Chris Riggs - Achievement Is It's Own Reward (Brokenresearch, 2009) **½
Chris Riggs plays solo electric guitar. Again, as with the other albums, it does not sound like an electric guitar. It sounds primarily like percussion, with some whistling sounds at the beginning. Could it be that the wrong disc ended up in the CD sleeve? Is this guitar? Since none of the CDs contain any information at all, that might well be possible. Each of six tracks is exactly five minutes long, exactly, making this also a short album. I am at a loss of what to think of it, and that's good. Avant-garde that meets expectations does not really meet expectations.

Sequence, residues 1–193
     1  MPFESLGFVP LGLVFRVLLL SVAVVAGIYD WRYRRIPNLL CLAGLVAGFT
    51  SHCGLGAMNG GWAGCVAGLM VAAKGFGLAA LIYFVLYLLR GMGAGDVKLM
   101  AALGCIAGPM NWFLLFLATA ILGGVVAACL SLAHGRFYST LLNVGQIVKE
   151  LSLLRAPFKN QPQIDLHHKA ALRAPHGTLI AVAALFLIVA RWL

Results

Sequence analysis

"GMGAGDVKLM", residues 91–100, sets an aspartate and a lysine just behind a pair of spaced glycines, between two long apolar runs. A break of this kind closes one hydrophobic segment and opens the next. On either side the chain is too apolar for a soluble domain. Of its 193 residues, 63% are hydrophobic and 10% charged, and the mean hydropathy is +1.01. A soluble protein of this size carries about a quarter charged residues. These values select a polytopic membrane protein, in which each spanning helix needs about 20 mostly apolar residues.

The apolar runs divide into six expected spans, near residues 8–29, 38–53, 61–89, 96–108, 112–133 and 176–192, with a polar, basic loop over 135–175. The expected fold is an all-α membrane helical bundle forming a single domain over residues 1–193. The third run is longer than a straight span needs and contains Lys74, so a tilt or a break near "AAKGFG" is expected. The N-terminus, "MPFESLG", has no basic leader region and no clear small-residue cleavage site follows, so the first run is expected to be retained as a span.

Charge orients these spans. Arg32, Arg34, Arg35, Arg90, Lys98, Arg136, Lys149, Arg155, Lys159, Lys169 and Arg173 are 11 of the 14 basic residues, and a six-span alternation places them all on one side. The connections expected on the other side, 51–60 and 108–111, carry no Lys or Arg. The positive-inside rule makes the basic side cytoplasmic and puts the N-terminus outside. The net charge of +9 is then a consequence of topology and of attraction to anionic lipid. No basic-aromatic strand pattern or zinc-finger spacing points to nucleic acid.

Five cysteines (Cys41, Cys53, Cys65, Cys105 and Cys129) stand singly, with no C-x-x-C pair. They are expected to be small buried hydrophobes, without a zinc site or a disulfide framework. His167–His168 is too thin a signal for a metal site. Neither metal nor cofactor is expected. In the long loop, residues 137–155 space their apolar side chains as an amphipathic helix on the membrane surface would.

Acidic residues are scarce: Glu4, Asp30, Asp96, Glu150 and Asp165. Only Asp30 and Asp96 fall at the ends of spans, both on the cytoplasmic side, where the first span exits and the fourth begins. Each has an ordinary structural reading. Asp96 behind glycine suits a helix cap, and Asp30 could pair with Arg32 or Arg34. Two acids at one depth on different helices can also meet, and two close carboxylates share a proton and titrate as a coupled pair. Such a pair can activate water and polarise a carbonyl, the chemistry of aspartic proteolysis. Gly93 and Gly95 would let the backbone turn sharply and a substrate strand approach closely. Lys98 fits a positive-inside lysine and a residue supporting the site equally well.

Chris Dadge - I'd Drive Yr Ass Across The World If I Had To (Brokenresearch, 2009) **½
In the same series, Chris Dadge plays solo percussion, in two pieces adding up to approx. 30 minutes. You get normal percussive sounds, but also scraping, rumbling, clattering sounds and all variations around that. In stark contrast to most jazz, and much in line with the other music of the label, it's all very downtempo, with the musician taking his time to explore and expand and create an atmosphere that shifts expectations of what drums and music should sound like.
It is not really my thing. In all, utterly bizarre stuff, but worthwhile. Surely, it will not be to everyone's liking, but then, who cares? At least the musicians don't seem to care.